Turtle season is here! From May 1st through October 31st it is turtle nesting season on the North Carolina coast. From North Topsail Beach to Sunset Beach and everywhere in between, locals and tourists alike are hoping to spot a sea turtle making its way ashore to build a nest. Within 50-70 days, these eggs will hatch, and we’ll begin watching for turtle hatchlings to make their way out to the ocean safely.
Sea Turtles Love the Dark
Lighting affects the sea turtle nesting and hatching process from start to finish. If there are too many lights on the beach, sea turtles will be too scared to come ashore to lay their eggs. According to Seeturtles.org, when the eggs hatch, the baby turtles wait for the sand to cool indicating night time for their treacherous trip back out to the ocean. Hatchlings use several cues to find their way including the slope of the beach, white wave crests, and the natural light of the ocean horizon. In an effort to help baby sea turtles make it safely, it is important to keep lights off the beach from May – October. It is also important to keep lights near the beach from misleading the turtles in the wrong direction. This is where dark sky compliant lighting comes into play.
Turtle Friendly Outdoor Lighting Guidelines
Oak Island and Surf City even have Sea Turtle protection ordinances that dictate lighting rules to help protect the animals. While not every NC beach has these ordinances, it is widely understood that those who live near or have businesses on the water should follow their basic principles. Here is what the Oak Island turtle protection lighting ordinance dictates:
• No artificial light shall directly or indirectly illuminate the town’s ocean beach.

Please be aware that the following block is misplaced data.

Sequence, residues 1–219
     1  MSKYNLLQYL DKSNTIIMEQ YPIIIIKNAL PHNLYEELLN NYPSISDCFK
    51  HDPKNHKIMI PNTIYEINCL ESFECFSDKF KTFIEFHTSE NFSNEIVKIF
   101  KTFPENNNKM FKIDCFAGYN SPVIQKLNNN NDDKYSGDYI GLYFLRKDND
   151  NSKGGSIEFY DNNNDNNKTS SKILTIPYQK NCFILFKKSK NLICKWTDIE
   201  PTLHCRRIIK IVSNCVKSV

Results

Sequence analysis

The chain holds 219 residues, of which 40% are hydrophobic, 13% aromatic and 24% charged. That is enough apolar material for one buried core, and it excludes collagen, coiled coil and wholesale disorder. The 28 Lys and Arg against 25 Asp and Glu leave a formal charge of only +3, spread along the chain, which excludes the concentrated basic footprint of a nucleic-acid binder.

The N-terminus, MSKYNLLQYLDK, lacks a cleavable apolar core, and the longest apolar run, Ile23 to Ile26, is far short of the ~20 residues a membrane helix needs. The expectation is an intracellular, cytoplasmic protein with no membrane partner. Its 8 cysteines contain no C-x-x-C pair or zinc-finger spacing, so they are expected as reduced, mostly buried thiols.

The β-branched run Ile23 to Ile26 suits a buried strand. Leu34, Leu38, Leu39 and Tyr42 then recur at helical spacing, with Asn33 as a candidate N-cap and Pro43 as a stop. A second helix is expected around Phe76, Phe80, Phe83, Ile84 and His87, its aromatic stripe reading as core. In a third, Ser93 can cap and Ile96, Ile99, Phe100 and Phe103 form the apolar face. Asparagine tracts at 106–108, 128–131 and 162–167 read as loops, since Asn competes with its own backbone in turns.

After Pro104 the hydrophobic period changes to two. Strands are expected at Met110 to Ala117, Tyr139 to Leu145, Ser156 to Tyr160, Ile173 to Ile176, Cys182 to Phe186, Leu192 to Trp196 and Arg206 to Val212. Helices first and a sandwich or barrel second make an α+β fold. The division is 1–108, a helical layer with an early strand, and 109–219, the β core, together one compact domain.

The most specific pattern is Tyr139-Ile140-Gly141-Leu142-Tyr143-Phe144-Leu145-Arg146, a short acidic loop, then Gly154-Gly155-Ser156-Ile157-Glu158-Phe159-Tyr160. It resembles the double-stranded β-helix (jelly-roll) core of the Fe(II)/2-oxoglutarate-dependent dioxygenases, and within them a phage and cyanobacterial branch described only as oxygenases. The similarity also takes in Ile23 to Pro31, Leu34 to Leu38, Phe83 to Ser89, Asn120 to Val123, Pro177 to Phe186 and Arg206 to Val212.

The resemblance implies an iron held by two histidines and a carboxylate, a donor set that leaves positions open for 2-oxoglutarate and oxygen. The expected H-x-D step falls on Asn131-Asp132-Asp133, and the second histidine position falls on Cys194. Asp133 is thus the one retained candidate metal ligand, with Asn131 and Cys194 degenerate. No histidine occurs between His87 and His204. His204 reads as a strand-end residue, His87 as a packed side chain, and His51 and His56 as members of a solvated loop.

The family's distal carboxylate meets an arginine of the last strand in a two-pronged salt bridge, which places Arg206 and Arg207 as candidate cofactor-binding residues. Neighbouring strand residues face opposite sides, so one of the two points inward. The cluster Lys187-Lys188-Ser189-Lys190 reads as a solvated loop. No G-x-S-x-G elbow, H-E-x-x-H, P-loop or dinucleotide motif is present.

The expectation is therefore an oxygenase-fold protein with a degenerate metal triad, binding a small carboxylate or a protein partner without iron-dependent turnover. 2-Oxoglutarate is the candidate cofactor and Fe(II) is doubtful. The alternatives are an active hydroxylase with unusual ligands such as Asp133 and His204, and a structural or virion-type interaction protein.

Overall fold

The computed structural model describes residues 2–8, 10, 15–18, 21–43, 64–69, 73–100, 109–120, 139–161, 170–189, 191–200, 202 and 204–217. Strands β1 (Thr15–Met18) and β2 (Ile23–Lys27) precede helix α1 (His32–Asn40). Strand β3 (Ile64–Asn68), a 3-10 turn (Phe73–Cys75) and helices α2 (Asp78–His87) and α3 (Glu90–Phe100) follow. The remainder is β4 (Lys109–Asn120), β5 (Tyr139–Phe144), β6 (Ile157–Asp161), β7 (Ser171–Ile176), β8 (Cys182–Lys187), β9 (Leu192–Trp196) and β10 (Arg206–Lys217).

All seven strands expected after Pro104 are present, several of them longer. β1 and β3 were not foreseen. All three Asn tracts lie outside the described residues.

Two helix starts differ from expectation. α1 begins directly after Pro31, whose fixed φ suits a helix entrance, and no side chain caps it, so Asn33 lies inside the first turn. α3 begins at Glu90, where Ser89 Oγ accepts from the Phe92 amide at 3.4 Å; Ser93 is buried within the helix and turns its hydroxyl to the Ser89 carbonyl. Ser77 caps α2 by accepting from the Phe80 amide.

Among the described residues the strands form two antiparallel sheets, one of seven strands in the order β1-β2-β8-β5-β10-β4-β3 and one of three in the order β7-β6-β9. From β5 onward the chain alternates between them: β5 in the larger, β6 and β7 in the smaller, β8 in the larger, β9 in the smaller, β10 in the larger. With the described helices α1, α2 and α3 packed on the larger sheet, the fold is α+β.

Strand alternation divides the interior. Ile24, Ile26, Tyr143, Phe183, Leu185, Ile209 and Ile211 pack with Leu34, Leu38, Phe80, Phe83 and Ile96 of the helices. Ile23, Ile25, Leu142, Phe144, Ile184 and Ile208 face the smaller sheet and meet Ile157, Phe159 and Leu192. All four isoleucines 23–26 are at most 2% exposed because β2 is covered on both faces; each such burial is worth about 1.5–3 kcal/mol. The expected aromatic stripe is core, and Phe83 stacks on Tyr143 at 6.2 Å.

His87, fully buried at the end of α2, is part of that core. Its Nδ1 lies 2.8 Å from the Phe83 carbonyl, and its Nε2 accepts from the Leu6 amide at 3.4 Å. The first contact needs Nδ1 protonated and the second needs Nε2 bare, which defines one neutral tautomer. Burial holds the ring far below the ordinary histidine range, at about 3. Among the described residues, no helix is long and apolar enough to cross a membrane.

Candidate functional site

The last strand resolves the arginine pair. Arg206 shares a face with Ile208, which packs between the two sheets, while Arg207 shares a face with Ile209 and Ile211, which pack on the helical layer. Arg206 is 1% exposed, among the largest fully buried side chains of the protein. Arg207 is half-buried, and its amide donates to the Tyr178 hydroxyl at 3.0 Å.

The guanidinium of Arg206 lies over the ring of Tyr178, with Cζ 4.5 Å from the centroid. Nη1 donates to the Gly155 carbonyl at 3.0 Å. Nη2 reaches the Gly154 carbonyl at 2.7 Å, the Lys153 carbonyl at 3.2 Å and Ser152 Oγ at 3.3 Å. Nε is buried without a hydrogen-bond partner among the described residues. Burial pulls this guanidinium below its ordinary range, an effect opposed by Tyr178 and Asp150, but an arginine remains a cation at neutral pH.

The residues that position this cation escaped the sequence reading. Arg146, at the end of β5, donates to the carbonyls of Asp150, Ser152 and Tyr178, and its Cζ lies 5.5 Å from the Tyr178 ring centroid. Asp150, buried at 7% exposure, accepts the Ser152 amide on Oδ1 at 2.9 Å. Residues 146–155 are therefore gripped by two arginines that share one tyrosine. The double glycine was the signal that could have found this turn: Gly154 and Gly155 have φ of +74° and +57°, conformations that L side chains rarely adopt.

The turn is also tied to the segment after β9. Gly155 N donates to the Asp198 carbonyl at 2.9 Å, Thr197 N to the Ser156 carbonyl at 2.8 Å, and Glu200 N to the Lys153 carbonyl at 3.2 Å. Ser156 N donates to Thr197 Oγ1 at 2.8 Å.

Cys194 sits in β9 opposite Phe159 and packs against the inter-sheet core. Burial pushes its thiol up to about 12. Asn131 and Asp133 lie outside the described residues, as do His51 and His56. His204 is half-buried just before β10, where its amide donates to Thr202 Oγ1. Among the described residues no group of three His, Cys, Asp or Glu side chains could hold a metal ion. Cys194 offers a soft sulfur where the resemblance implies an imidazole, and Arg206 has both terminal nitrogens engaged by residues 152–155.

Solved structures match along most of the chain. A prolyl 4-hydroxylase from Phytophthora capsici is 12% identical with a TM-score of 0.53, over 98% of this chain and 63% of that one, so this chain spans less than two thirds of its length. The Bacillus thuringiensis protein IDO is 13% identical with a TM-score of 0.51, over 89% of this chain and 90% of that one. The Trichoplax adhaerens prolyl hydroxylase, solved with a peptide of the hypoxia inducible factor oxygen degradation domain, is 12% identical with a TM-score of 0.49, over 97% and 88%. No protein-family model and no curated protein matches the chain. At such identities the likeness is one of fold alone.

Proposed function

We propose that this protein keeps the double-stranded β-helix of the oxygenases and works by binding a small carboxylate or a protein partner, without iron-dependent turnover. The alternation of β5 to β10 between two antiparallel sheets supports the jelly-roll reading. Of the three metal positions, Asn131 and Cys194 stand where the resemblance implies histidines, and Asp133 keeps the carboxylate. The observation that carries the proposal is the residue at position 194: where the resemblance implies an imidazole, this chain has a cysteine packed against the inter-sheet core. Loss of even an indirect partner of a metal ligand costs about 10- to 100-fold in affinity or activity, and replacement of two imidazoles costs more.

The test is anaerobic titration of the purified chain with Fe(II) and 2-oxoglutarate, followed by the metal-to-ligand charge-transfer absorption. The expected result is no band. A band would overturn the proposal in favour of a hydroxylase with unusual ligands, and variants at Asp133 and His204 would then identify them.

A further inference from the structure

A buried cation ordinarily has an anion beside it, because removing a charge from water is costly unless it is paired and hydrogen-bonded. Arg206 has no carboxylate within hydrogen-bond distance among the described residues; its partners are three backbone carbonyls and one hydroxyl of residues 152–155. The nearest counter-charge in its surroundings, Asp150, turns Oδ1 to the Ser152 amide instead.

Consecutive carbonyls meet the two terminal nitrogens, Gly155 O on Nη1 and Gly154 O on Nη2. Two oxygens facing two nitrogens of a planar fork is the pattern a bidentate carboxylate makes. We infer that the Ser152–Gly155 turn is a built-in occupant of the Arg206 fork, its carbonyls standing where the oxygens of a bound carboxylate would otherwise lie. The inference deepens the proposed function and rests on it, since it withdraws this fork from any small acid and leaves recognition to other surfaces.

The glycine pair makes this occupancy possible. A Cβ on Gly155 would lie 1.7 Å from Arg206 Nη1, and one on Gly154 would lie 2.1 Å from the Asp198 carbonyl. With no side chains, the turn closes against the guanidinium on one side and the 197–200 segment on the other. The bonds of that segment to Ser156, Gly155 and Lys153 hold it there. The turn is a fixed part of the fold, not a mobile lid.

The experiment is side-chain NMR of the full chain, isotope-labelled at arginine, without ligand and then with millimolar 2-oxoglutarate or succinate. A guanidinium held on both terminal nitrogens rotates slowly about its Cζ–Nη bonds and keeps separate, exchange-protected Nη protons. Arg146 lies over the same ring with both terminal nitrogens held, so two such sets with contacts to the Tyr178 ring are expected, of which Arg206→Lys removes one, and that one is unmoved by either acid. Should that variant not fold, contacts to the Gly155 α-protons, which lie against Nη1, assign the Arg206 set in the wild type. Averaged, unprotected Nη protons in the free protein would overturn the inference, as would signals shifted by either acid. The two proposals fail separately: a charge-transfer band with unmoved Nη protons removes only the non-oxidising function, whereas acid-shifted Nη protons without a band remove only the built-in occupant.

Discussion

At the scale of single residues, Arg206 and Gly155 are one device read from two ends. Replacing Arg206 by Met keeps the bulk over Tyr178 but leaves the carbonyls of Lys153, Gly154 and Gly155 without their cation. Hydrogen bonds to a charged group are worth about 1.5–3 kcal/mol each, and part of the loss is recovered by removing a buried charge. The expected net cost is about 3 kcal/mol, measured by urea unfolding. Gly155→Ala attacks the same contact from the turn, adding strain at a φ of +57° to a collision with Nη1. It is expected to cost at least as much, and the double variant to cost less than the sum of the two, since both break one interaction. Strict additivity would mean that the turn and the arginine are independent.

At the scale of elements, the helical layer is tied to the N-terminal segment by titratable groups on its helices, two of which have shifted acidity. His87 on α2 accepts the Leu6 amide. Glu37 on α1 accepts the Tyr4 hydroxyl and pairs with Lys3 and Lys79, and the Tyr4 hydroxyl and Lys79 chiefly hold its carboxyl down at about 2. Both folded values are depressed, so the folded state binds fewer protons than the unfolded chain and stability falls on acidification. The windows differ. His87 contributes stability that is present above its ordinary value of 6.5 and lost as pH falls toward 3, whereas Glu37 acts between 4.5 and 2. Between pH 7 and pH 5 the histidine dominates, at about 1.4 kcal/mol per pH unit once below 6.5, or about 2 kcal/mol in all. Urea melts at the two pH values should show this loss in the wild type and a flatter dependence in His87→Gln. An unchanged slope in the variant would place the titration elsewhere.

• Outdoor lighting within 300-feet of the primary dune should follow the below dark sky guidelines.
• Streetlights are required to be cutoff fixtures that shield light from pointing up, which would illuminate the night sky.
• Colored lenses may be used to modify lights that can’t be aimed landward or downward to not disrupt hatchlings.
• Wall-mounted light fixtures shall be fitted with shields to contain the light landward side of the primary dune.
• Motion sensor flood lights for security are permitted and shall be aimed in a manner to contain light on the landward side of the primary dune.
• Where possible any source of light within the 300-foot zone of the primary dune must not be visible from the seaward side.
The basic concept of dark sky compliance is to avoid any lighting that will illuminate the night sky. For the purpose of turtle nesting season, it is as equally important to not illuminate the beach or have any artificial lighting visible from the beach.
At Outdoor Lighting Perspectives of Wilmington, we custom design outdoor lighting packages that are fully compliant turtle-safe lighting and dark sky compliant. Check your town’s website or Municode for details of your lighting ordinance. Ordinances often require permits and inspections which we will be happy to handle for you.
If you live on Figure Eight Island, Topsail Island, Surf City, Oak Island, Wrightsville Beach, Carolina Beach, Fort Fisher, Holden Beach, Sunset Beach, or Ocean Isle Beach trust us with taking the time and care to make sure your lighting is not interrupting turtle nesting or the hatchlings making their way back out to sea. Call today 342-0040